Weekly Letter to President Obama
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INAUGURATION,   January 20, 2009

Drunk in its stale air
For two hundred years.
Fettered in mind and body,
The soul, the safe escape

To let me breathe the cries
Of my heart singing
Tears of mel-an-choly.

The tears flow free today
Washing the stains of blood
And sweat in brotherhood.

Raise the curtain then an'
Let the world look in
On this promised land --
We breathe free today.... almost.

--- Arshad M. Khan
We will be known forever by the tracks we leave.
---  Native American proverb
Jan 13, 2012

Mr. President:  The White House communications office has been busy.  The
latest topic is "insourcing" -- manufacturing jobs returning to the U.S.  The
figure quoted is 374,000 in two years.  Siemens, the German electrical giant,
is given as an example.  There are two serious questions with this story.  
First, it takes two million jobs in the same two years just to keep up with the
new entrants into the labor force without allowing for the unemployed.  
Second, the major reason German companies (and others) are investing
here is because the dollar and our unions have been weakened to the point
where a German worker costs twice as much as an American.  For example,
BMW pays $15 an hour on average at their facility in Greer, South Carolina -
about half the cost in Germany.  The average hourly labor cost to BMW is
also about half of what unionized auto workers were earning in the glory
days of the Big Three.  It drew me back to an article published almost 22
years ago, and I was surprised to discover that the observations remain
applicable.  It is reproduced in the Commentary section.

The viral video of four marines desecrating Afghan bodies (in violation of
the First Geneva Convention, which calls for the dead to be treated with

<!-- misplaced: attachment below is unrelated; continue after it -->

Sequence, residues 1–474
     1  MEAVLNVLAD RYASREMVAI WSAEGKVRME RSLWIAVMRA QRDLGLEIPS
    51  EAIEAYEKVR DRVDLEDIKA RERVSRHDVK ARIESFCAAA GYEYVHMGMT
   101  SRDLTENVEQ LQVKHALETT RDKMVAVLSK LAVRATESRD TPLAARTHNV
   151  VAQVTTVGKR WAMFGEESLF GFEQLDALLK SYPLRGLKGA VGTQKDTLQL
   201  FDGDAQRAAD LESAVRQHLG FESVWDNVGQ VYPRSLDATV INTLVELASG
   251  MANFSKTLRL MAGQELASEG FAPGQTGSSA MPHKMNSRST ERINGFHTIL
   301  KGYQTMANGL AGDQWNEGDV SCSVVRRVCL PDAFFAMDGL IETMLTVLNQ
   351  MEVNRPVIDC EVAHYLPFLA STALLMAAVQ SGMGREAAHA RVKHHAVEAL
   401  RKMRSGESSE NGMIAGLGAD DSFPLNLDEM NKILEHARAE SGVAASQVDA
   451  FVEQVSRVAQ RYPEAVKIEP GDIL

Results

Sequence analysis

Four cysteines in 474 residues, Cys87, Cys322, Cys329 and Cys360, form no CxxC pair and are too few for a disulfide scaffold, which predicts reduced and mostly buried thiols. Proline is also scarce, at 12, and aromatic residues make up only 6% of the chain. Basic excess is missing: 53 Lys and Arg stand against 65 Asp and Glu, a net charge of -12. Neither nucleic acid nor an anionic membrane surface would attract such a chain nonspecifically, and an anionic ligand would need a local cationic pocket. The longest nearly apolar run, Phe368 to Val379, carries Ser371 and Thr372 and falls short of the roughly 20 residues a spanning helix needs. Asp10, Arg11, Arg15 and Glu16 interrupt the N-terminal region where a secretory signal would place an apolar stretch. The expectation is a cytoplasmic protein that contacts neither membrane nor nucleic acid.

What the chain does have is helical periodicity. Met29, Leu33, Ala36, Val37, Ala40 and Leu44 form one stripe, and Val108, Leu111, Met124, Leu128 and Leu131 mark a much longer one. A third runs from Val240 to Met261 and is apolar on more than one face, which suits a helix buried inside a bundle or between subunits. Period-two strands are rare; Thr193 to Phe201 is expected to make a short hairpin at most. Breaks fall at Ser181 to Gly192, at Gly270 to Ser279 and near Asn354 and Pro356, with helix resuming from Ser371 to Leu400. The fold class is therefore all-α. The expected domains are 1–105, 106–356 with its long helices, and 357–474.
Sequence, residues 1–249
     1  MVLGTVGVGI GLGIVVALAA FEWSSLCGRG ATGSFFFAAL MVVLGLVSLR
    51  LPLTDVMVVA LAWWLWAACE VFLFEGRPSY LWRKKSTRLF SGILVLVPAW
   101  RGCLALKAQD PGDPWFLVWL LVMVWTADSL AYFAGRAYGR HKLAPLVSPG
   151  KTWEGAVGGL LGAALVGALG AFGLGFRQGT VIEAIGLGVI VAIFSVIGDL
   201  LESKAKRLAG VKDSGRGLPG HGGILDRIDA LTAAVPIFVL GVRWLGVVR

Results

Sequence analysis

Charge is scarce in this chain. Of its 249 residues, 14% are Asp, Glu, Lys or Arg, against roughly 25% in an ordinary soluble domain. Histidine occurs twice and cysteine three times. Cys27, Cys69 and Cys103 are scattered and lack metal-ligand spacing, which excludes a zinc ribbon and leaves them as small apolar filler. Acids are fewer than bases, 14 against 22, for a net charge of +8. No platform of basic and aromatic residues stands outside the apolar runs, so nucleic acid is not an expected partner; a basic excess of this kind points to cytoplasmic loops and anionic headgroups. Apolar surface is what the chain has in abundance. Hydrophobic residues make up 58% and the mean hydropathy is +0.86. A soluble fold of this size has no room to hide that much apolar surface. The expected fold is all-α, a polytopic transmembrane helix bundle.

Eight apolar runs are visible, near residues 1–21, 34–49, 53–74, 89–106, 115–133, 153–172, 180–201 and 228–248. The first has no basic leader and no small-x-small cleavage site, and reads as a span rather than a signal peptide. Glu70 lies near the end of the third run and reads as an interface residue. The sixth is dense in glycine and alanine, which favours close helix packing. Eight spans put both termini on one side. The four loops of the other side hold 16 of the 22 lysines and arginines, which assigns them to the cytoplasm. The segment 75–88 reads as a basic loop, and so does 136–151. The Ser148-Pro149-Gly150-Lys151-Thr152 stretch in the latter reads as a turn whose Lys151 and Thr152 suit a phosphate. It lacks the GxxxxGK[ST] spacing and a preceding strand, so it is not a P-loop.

dignity) dominated the news.  The upturned wheelbarrow on the left of the
video and the absence of any weapons is, of course, unusual.  No doubt
subsequent investigations will reveal what happened.

According to a report by Nancy Yousseff, the McClatchy Newspapers
correspondent in Afghanistan, the expected riots did not materialize
because Afghans  are already aware "such things happen all the time" in the
words of Jamal Karimi, a shopkeeper in Kandahar.  The Taliban will continue
with peace talks because it legitimizes their representation of the largest
ethnic group; it also increases their credibility as the force that evicted the

Just as in Iraq where their government refused to allow any American troops
to remain, the Taliban are unlikely to accept the presence of any of our
forces.  On this issue, they appear to have the Afghan populace's full

For all the trillions of dollars expended on these wars, what have we
gained?  Certainly not in the condition of the countries and peoples left
behind.  It will take them decades to recover.  For example, Afghanistan was
once famous for its fruits and nuts.  But the wars have destroyed these trees
and it takes years for new saplings to mature and yield a crop.  So the
farmers grow opium and the harvest this year produced record profits --
helped in an unforeseen way by the eradication program which reduced
quantity, causing a shortage, and raising prices astronomically.

One final question:  How did NATO's destruction of Libya's infrastructure
(including the ingenious system bringing water from the south to Tripoli)
help Libyan civilians?